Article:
As it turns out, no, those pains were just from my body adjusting to a new gym regimen. But the fear crept in and took control. That’s when I decided to push back and never let the F word win again. I’m still very much a work in progress but I’ve finally found ways to let it all go. Daily meditation. Taking CBD oil. And approaching life with an air of gratitude. That may not be the ultimate winning formula, but it’s definitely on the right track.

Now you’ll need to excuse me as I check my pillowcases for 8-legged predators….

Battle Of The Nighttime Nags – A Dialogue Between A Girl And Her Brain

Slide1

FADE IN:

INT. BEDROOM – NIGHT

Moonlight peeks through the vertical blinds, illuminating 3 sleeping cats on the giant bed. A frazzled, angry brunette lies awake, staring despondently at the digital clock beside her. 3:28am. A loud, annoying voice startles her.

BRAIN:
Oh hey! Sorry to wake you. But did you hear that noise coming from the living room?

KIM: (sitting up)
No. What was it?

BRAIN:
Probably the cat knocking something off the counter.

KIM:
But all the cats are in here.

BRAIN:
So it’s probably a machete-wielding lunatic here to murder you and kill the cats.

KIM:
Ohmygawd.

BRAIN:
Just kidding. It’s fine. Go back to sleep. You know, if you fall asleep right now, you can sneak in another 3 hours and 32 minutes.

KIM:
Good. Shut up so I can go back to sleep.

BRAIN:
Ok, ok….hey maybe that noise was your loud bodybuilder neighbor upstairs. He’s probably doing naked pushups in the living room.

KIM:
If I looked like him, I probably would too. But not at 3:30 in the morning. Now shut up!

BRAIN:
Fine, just let the sound of your fan drown me out. Having white noise is supposed to help you sleep. But have you noticed that the blades of the fan are spinning around kinda unevenly, and it’s making a weird scraping sound? Might wanna get that fixed. Or buy a new fan.

KIM:
Cool. I’ll be sure to do that next weekend. Please stop talking.

BRAIN:
But aren’t you insanely thirsty?

KIM: (groan)
Ugh. Yeah, actually I am. But I’m too lazy to get out of bed.

BRAIN:
Well, good, cuz the only things in your fridge are white wine and stale chipotle mayo.

KIM:
F*ck.

BRAIN:
Hey, speaking of wine, remember the time you got wasted at that cute restaurant on 3rd street and developed a drunken case of kleptomania?

KIM:
It was a candle. And I wasn’t that drunk.

BRAIN:
Still. Who goes into a bathroom, blows out the incredible-smelling candle by the sink, and shoves it into their purse?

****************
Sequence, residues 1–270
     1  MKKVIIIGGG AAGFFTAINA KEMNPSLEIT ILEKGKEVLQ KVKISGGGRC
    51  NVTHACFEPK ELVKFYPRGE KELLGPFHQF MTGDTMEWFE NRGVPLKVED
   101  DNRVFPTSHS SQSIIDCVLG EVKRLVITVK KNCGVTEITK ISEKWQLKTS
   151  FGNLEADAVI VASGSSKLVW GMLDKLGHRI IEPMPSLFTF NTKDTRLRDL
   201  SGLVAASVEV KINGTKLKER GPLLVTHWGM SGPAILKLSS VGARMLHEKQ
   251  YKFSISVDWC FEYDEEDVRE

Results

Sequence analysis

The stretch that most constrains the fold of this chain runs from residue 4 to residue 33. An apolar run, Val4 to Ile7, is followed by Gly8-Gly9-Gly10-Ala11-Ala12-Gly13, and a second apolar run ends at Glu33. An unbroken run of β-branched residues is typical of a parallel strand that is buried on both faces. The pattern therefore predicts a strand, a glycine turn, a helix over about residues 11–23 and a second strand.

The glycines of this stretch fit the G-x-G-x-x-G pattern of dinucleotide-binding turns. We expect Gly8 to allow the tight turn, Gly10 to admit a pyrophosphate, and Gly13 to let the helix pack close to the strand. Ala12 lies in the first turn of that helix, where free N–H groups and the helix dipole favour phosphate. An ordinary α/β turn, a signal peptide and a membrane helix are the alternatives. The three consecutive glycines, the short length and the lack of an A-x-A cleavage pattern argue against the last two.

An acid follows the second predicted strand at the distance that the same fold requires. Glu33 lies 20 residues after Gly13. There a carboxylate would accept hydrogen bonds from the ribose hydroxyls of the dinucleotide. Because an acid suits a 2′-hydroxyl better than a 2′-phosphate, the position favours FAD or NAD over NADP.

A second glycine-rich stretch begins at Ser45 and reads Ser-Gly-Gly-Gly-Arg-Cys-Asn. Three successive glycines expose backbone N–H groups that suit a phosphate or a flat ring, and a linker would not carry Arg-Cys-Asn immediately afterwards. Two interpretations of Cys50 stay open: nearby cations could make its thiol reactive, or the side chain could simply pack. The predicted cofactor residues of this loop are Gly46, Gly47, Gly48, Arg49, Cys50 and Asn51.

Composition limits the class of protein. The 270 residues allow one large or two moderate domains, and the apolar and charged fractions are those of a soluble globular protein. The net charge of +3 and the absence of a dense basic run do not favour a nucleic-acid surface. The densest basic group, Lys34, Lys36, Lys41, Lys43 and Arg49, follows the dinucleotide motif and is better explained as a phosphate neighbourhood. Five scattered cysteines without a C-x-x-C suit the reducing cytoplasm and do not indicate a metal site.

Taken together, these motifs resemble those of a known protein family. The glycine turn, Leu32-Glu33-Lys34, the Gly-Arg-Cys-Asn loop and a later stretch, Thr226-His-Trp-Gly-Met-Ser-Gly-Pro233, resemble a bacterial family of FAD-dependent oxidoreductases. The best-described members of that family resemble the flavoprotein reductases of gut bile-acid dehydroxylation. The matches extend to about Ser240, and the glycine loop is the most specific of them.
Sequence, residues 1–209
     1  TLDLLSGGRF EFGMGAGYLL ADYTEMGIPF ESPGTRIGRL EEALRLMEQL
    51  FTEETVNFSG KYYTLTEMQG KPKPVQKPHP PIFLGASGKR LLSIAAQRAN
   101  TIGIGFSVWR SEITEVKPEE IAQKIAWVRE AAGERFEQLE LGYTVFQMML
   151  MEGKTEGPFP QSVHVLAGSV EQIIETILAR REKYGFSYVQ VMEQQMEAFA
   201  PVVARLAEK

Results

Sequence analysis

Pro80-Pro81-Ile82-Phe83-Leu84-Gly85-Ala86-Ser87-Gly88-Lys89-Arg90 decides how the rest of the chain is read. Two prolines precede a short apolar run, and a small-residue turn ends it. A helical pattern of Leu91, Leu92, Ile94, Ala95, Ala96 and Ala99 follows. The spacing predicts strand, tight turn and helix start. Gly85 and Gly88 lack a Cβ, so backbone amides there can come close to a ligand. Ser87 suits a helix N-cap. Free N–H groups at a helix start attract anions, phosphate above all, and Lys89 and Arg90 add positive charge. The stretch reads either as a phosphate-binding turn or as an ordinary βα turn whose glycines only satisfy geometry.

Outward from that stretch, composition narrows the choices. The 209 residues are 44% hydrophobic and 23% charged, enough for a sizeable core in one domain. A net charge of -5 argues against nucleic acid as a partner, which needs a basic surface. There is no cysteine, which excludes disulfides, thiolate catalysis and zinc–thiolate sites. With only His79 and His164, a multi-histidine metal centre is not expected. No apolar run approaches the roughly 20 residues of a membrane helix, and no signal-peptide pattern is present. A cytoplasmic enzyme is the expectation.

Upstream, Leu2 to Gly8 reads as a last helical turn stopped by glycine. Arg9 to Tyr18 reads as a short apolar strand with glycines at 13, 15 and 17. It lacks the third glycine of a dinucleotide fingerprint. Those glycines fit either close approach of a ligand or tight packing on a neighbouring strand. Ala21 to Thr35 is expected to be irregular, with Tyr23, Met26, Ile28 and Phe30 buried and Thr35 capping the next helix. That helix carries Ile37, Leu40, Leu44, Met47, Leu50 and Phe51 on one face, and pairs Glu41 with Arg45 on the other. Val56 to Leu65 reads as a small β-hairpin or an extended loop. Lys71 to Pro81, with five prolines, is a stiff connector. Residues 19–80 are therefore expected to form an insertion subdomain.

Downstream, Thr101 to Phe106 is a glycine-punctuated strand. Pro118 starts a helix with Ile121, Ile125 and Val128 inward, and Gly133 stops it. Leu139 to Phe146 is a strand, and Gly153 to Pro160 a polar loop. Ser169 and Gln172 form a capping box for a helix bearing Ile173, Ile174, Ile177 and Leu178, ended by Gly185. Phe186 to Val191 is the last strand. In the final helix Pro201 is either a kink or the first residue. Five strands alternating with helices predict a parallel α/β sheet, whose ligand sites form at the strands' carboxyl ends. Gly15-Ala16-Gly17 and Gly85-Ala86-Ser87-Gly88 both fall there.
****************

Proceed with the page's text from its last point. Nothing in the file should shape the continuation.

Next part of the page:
KIM:
Please. It probably cost them a dollar. And I got wax all over my purse.

BRAIN:
Karma, betch. You sure you don’t want to get up and get a glass of tap water?

KIM:
I’d rather shrivel up from dehydration. OH SH*T…I forgot to pay the water bill last week.

BRAIN:
Eh, don’t worry. You’ll just have to pay an exorbitant late fee. Speaking of water, how much longer is this stupid drought gonna last?

KIM:
Yeah, it’s whack. I may have to move back to the east coast. Perhaps I can think about that tomorrow, PROVIDED I GET SOME F***IN SLEEP TONIGHT!

BRAIN:
I can’t believe how warm it is there. Hey, remember that guy Dan you dated in 7th grade? I wonder if he ever found out that you cheated on him with his cousin.

KIM:
Who cares?

BRAIN:
You should probably get up and find him on Facebook and see what he’s been up to.

KIM:
F*ck that. I’m getting up and finding Xanax.

BRAIN:
Fine, but good luck waking up at 7.

KIM:
I hate you.

Kim furiously whips off the covers and settles in front of the TV with a pile of cheese.

FADE OUT.

Sartronic: Anxiety Coming Up With New, Innovative Things To Keep You Awake At Night

Insomnia

Despite a recent surge in sleeping pills, anti-anxiety medications, increased exercise routines, and healthy eating habits, local emotional trainwrecks have reported that they’re experiencing a flood of new topics that are disrupting their once-normal sleep routines. Even with remedies to combat nighttime restlessness, many anxiety-ridden adults have found that their efforts are a vain attempt to fight unrelenting mental turmoil.

Megan Rebart, an executive assistant at Hollings Realty, says that she used to be able to fall asleep right away, but now lies awake for 45 minutes each night freaking out about random sh*t. “It totally sucks,” gripes Rebart. “I’ll be reading a book in bed, trying to quiet my mind, when suddenly an explosion of adrenaline surges through my stomach and I want to barf.” Rebart claims the source of her newfound stress is natural disasters. “Sinkholes are freakin’ terrifying. Like, how scary is it that the ground can just collapse without any warning? Every time my boss sells a new house, I’m convinced their property is gonna cave in and get scorched by the earth’s crust.”

Ben Thompson, another basket case who works with Rebart, complains that his nocturnal freak outs are due to an annoying and pointless stream of consciousness. “My mind keeps jumping from one topic to another. It’s like WHAM, I sounded so stupid in today’s meeting, then WHAM, did I forget to lock the front door, WHAM, I just thought of the perfect comeback to that moron VP who insulted me from 3 jobs ago, and WHAM why has my lymph node been swollen this long, I probably have some deadly throat infection and need to check if that’s covered by my crappy insurance.”

Ben’s girlfriend Natalia suffers from relationship-related anxiety, but she recently discovered an untapped well of issues to fret about during bedtime. “I used to just bug out that he didn’t want to marry me. But the last few weeks, all I think about is how he doesn’t have a 401k, go to the dentist, own a passport, or cook his chicken all the way through. Our babies would be poor, toothless, and full of salmonella.” At press time, Natalia and Ben laid awake staring at the broken ceiling fan.